It is a case of following the leader, said Mr. Fielding. "You get on the independent level, because you're looking at the top guys, and the top guys are doing steroids, they're drinking, they're taking pills, painkillers and stuff, and sleeping pills, and you figure, if they're that good, you must have to do the same to get to that level."

"He could have made it big. It's the drugs, man, I'm telling you, it's the pills. He was a great worker when he broke in, and he started taking that shit, and things started going for the worst," said Mr. Elzein, who became a ringside manager named Abu Wizal in Stampede Wrestling. "Then when Benoit made it and he didn't, it got even worse."

In 1992, Mr. Bower got involved with the Canadian Rocky Mountain Wrestling promotion in Calgary, which was trying to fill the void left behind by the closure of Stampede Wrestling. Besides being a headlining talent for the company, Mr. Bower was also a behind-the-scenes matchmaker, deciding who would win or lose. That lasted until early 1993, when he had a falling out with the owner.

Resigned to competing around the Prairies for various small-time, independent promotions, often with less than 100 people in the crowd, Mr. Bower was a positive influence on new talent. One of the wrestlers Mr. Bower helped break into wrestling in 1994 was Devon Fielding. Mr. Bower was "very, very protective" of young wrestlers, said Mr. Fielding, guarding them from the cruel jokes that veterans played out as a type of hazing ritual. "He liked a good laugh, but he was not into seeing anyone else humiliated."

As his best friend and roommate, Mr. Fielding ended up being the babysitter when Mr. Bower was at his worst. "I used to sit on the couch and hold his head while he fell into his comas," Mr. Fielding said. "Everybody kept saying to me, 'Why do you keep doing it?' I'd go, 'He's my friend.' Everybody said, 'Well, he's got lots of friends.' 'Yeah, well I don't.' There's a long period of time where I had to clean him up, dust him off, carry his bags and get him to the next show."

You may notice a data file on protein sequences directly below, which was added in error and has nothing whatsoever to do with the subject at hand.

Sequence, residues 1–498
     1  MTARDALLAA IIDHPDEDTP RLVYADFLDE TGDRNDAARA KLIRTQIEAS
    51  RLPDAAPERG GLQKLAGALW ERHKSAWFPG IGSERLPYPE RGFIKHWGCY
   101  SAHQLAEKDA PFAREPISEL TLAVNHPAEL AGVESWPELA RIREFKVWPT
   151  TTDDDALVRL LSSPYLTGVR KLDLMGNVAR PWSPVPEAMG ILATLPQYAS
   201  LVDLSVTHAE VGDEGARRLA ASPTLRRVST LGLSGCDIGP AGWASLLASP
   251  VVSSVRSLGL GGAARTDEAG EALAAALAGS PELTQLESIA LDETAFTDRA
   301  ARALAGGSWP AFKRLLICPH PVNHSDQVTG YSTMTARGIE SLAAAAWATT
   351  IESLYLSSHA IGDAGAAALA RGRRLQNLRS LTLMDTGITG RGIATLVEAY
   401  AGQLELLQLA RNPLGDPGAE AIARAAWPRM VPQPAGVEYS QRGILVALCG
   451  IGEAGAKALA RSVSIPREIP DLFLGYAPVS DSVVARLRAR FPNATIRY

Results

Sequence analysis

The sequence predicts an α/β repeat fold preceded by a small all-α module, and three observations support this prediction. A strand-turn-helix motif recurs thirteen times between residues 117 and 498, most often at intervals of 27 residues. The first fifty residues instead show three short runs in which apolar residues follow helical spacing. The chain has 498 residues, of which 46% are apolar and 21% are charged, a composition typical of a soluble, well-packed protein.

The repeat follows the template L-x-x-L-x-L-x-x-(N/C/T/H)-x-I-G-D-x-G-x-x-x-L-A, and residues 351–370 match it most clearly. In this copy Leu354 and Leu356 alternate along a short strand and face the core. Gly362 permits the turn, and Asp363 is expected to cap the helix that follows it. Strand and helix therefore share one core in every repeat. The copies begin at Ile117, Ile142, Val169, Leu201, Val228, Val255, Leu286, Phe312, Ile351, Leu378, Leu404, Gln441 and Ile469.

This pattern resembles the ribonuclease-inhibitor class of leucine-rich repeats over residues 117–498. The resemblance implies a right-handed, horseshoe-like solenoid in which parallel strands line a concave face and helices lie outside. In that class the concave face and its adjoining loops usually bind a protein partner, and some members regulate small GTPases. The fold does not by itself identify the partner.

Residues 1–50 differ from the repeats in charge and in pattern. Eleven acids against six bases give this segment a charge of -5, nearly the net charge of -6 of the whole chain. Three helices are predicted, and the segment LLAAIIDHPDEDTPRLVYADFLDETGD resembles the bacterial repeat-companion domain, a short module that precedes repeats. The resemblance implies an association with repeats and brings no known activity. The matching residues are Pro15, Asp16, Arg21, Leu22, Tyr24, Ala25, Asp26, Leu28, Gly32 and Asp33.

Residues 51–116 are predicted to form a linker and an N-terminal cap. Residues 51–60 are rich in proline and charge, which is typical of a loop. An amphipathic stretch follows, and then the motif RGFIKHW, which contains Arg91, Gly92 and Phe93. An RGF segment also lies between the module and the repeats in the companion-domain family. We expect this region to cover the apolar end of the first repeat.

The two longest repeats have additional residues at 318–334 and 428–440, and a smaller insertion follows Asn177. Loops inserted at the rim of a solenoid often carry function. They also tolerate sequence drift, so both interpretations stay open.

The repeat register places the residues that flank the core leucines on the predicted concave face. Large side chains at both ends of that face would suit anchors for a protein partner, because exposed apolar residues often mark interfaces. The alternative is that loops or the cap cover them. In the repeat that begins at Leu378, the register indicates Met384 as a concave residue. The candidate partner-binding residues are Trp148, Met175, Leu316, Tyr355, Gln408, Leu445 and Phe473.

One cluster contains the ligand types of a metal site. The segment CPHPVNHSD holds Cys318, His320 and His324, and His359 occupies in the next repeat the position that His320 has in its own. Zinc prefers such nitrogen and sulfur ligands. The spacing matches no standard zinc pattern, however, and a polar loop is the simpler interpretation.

Mr. Bower had one last crack at the big time in 1997, when he was invited to Philadelphia to compete in Extreme Championship Wrestling, a surging national promotion at the time. After a half-dozen appearances, he returned to Calgary and the small-time circuit.

The wrestling injuries were not the only reason Mr. Bower had turned to painkillers. He had hurt his back swimming with his brother in Kelowna, B.C., and, in 2001, he was stabbed in the stomach. Less than a month after the stabbing, bored of sitting around at home, Mr. Bower returned to wrestling. "He promptly tore his stitches out," said Justin Richardson of England, who was on that Alberta tour as wrestler Justin Richards. "It wasn't his head that was driving him in wrestling, it was his heart."

Getting clean from painkillers required regular doses of another drug, methadone. Heading to the clinic for doses became an impediment to finding 9-to-5 work, said his father, who would take his car-less son in for his medicine. Sleeping pills became another addiction.

Attempting life outside wrestling, Mr. Bower tried driving a gravel truck, but the 12 hours a day in the cab were too much for his bad back. In early June, he was hired on as a sales rep at a Calgary Chrysler Dodge dealership. Sales manager Dick Yee could see that Mr. Bower needed a break. "No one was giving him a chance all over town. He was looking for work. I guess I'm one of those guys who needs to give everybody a chance. I thought he'd obviously worked hard to be a wrestler. I thought he could put the same effort into car sales."

Over the last number of years, Mr. Fielding and Mr. Bower had discussed what should be written in Mr. Bower's obituary. They had seen the list of dead wrestlers growing and Mr. Bower's body, bloated and out of shape from years of abuse, was giving out. He had had a pair of strokes and came close to dying in 2006. "He always said to me, 'There's nothing I hate worse, if I hear one more story about an ex-wrestler who's broke, and strung out on drugs, pissed off at people and owing everybody money, I'm going to throw up,'" said Mr. Fielding. "He was on his way back up at the end. He was clawing his way back up."

Shayne Alexander Bower was born April 18, 1963 in Calgary, Alberta. He died June 20, 2007 in Calgary. A cause of death has not been established. He is survived by his daughter Alexandra and stepdaughters Caroline and Autum, his parents, Tanya and Lindsay, his brother Sheldon (Angel) and nephew Dylan.

Greg Oliver can be emailed at goliver845@gmail.com.